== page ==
Alwaleed Al Johar is a medical intern who graduated from Kind Saud University, Riyadh, Saudi Arabia. He is enthusiastic about research and is currently involved in several projects focusing on General Internal Medicine. He believes that academia and medical research are the cornerstone of good medical practice and better patient care. In addition to being a physician, he would like to continue his career in an academic institute because of his beliefs about the importance of scientific research.


Background: Voluntary donors are the only source of blood donation in Saudi Arabia. Despite frequent blood donation campaigns and encouragement by the media, lack of blood resources remains significant and problematic in advanced healthcare centers.

Aim: The aim of this study was to assess the level of public knowledge and attitude toward blood donation. In addition, to describe the donating and non-donating populations with identification of motivating and restraining factors in each.

Methods: Using a previously validated questionnaire that comprises 38 questions to assess the level of knowledge, attitude and practices towards blood donation, 469 Saudi adults who attended different shopping malls in Riyadh, Saudi Arabia were interviewed. Based on calculated scores, level of knowledge and attitude of our study cohort were categorized into different groups. Multiple regression analyses were used to identify significant predictors of blood donation.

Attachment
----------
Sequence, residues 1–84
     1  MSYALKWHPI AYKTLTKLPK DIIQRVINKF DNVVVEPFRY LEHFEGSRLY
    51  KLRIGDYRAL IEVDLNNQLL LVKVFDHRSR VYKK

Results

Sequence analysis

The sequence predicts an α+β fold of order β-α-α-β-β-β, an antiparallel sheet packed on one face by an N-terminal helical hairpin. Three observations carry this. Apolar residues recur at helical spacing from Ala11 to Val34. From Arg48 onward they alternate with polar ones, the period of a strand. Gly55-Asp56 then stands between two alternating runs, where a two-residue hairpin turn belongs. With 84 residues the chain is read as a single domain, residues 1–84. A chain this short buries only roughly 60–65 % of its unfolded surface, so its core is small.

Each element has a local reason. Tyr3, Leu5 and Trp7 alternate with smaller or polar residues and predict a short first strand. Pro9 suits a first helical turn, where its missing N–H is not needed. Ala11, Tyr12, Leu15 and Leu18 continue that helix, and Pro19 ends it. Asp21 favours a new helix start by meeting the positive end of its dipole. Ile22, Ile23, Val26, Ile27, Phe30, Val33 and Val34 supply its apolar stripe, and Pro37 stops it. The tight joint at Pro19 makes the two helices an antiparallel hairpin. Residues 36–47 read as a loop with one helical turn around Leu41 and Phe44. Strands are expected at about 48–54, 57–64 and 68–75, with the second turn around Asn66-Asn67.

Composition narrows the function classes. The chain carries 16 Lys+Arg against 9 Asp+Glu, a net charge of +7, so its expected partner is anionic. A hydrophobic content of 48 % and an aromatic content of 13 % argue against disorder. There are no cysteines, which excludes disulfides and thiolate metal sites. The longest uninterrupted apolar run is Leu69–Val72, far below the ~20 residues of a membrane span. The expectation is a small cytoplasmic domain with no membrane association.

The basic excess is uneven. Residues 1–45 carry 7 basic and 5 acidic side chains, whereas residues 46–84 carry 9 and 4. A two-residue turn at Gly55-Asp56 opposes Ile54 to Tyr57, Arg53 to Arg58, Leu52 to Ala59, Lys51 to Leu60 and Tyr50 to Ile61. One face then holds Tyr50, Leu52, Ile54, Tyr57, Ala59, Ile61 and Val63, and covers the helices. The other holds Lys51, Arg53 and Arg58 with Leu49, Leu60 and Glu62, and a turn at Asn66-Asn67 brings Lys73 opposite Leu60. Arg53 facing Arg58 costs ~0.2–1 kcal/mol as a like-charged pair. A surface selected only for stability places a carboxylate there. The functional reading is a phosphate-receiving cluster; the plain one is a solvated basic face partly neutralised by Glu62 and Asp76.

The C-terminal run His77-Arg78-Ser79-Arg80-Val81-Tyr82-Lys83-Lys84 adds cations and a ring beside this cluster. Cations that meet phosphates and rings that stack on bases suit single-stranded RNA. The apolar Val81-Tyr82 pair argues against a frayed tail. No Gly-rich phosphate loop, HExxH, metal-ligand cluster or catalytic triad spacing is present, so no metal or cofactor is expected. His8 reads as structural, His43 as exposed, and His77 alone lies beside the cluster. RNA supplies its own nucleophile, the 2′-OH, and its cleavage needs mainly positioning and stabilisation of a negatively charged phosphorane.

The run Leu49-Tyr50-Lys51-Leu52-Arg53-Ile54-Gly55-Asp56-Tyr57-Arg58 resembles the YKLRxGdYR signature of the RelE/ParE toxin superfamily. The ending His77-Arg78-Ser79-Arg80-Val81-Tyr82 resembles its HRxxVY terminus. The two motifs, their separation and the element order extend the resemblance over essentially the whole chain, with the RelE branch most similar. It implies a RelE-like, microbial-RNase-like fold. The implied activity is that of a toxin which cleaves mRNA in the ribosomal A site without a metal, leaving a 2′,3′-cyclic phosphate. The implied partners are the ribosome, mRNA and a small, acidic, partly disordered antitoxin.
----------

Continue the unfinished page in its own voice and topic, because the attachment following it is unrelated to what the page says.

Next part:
Results: Approximately, half of all subjects (53.3%) reported previous history of donation, 39% of whom had multiple donations, with predominance of males (66% vs. 13.3%; P<0.001). Knowledge percentage mean score was 58.0%, denoting poor level of knowledge. Attitude percentage mean score towards donation was 75.4%, reflecting neutral attitude. After adjustment of confounders, multiple linear regression showed that higher knowledge score, higher attitude score, and male gender were significant predictors of blood donation (P=0.01, P=0.001, P<0.001, respectively). Correlation between knowledge and attitude mean scores showed significant association between the variants (P<0.001). Notable reasons that refrained females from donation were inability to reach the blood donation centers and fear of anemia (49.9% and 35.7%, respectively), whereas lack of time was the only significant reason amongst males (59.5%).

Conclusion: Overall, level of knowledge about blood donation was poor, and attitude towards blood donation was generally neutral. Higher level of knowledge was associated with more positive attitude for blood donation. After adjustment, significant predictors of blood donation were higher knowledge and attitude scores, and male gender.